Thursday, October 1, 2015


More than 48.1 million Americans lived in households that were struggling against hunger in 2014, according to new data from USDA. The 2014 numbers were a slight decline (of fewer than a million people) from 2013, with the rate declining from 15.8 to 15.4%. Other findings from the USDA report include:

      The number of individuals in households that faced the deepest struggles with hunger – “very low food security” – was 5.5% in 2014.
      15.3 million children lived in food insecure households in 2014, compared to 15.8 million in 2013.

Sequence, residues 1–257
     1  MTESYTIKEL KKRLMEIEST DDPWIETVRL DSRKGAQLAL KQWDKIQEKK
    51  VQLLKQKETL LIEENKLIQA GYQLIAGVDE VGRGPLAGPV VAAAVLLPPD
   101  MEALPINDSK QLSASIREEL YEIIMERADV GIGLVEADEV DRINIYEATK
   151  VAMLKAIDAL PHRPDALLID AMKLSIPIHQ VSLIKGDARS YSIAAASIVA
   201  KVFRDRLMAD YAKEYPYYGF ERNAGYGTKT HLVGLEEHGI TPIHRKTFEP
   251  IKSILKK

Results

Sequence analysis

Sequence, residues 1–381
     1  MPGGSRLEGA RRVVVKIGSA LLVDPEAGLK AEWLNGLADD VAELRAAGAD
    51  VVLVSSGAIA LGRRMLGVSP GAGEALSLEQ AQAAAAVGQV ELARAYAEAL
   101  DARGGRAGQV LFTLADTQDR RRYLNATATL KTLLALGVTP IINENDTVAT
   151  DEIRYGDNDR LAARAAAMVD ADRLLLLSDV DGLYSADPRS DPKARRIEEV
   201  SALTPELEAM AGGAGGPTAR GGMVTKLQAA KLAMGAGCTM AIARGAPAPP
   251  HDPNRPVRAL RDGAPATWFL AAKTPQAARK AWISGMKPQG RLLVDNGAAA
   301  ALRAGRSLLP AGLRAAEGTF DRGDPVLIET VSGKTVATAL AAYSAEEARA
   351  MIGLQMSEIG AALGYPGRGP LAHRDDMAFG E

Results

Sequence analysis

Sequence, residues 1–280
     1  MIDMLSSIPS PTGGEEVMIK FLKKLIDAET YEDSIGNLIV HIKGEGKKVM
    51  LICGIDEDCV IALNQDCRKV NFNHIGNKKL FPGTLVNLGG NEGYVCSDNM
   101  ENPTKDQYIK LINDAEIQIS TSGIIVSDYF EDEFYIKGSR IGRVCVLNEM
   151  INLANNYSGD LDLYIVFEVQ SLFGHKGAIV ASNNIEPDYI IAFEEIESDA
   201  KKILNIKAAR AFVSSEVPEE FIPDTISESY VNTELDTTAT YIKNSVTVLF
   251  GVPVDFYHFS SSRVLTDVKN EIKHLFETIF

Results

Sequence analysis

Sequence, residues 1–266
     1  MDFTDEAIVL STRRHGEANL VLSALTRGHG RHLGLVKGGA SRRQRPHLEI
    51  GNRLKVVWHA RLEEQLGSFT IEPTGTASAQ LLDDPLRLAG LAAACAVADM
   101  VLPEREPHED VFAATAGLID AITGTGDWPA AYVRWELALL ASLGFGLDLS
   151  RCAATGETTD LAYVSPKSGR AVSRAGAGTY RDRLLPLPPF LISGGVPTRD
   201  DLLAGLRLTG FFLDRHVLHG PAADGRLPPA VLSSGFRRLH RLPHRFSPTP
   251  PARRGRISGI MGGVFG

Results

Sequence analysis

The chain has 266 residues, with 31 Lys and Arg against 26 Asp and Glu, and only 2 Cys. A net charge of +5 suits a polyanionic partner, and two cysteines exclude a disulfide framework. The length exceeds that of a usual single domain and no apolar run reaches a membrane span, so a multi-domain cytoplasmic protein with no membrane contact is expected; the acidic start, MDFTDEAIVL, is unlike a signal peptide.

Households in more rural areas are seeing considerably deeper struggles with hunger compared to those inside metropolitan areas, with higher rates of food insecurity (17.1% compared to 13.5%), higher rates of food insecurity in households with children (23.6% compared to 18.4%), and higher rates of very low food security (7.3% compared to 5.3%).
      Food insecurity rates for Black and Hispanic households were substantially above the national average, with 26.1% of Black households and 22.4% of Hispanic households reporting being food insecure in 2014.

Source: Food Research Action Council, 9/9/15, Food Insecurity 2014; Poverty & Policy, 9/24/15, Food Insecurity II